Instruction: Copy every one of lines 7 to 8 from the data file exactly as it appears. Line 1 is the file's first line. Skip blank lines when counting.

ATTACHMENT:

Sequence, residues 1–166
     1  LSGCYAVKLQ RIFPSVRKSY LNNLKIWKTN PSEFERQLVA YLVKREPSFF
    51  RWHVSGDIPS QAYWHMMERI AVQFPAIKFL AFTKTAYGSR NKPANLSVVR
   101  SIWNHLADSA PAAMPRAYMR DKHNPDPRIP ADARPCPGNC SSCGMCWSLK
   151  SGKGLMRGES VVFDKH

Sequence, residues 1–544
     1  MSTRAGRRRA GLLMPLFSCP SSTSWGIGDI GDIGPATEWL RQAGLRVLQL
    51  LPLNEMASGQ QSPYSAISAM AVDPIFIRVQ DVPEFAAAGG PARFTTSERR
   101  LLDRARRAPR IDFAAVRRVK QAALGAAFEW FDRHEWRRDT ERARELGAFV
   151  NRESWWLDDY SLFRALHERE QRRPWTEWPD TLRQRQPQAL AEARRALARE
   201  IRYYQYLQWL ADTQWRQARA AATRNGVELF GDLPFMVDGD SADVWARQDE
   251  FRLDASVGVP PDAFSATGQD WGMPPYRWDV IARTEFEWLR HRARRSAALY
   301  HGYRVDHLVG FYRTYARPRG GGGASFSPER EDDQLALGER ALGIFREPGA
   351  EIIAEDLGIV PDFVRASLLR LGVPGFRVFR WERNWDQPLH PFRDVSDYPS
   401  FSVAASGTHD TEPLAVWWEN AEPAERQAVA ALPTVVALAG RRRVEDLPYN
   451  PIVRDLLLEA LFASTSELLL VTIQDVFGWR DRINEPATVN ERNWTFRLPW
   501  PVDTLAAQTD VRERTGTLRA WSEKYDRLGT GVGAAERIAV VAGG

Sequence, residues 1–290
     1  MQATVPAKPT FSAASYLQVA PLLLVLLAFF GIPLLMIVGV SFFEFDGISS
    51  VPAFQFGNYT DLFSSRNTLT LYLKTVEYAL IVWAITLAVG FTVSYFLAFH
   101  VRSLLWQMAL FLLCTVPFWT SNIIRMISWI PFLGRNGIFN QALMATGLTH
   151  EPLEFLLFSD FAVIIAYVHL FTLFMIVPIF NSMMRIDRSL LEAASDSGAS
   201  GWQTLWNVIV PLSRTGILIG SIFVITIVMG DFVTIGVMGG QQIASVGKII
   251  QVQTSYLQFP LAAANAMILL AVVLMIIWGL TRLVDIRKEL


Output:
     1  MSTRAGRRRA GLLMPLFSCP SSTSWGIGDI GDIGPATEWL RQAGLRVLQL
    51  LPLNEMASGQ QSPYSAISAM AVDPIFIRVQ DVPEFAAAGG PARFTTSERR